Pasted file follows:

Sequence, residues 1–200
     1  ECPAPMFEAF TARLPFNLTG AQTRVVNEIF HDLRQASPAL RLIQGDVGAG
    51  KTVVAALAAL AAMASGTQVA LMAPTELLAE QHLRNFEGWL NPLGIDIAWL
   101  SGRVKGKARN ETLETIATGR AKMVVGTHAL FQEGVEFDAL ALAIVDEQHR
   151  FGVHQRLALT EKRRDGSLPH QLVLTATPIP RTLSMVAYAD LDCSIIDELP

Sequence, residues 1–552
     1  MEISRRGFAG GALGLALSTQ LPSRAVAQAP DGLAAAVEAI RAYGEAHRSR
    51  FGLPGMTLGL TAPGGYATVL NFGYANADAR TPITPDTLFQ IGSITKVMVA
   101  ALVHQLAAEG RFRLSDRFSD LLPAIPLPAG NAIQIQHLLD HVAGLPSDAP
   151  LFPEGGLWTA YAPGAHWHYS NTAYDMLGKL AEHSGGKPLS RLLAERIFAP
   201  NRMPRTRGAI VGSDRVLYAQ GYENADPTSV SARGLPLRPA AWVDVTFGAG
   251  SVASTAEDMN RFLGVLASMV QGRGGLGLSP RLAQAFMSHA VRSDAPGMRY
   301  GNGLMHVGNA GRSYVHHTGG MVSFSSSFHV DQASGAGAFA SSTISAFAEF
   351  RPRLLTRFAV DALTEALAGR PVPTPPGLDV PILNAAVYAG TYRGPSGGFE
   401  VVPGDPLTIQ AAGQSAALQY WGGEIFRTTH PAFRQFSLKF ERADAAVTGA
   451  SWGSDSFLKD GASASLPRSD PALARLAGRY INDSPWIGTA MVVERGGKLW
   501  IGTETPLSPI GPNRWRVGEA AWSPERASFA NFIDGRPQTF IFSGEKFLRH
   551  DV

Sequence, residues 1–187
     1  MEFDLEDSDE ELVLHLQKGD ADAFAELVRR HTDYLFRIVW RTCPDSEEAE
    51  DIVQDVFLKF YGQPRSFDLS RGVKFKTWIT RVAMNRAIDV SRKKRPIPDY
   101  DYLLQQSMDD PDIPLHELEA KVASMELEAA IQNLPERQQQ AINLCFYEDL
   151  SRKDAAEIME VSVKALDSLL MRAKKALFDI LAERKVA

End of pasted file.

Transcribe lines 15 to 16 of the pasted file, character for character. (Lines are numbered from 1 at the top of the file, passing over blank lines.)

   401  VVPGDPLTIQ AAGQSAALQY WGGEIFRTTH PAFRQFSLKF ERADAAVTGA
   451  SWGSDSFLKD GASASLPRSD PALARLAGRY INDSPWIGTA MVVERGGKLW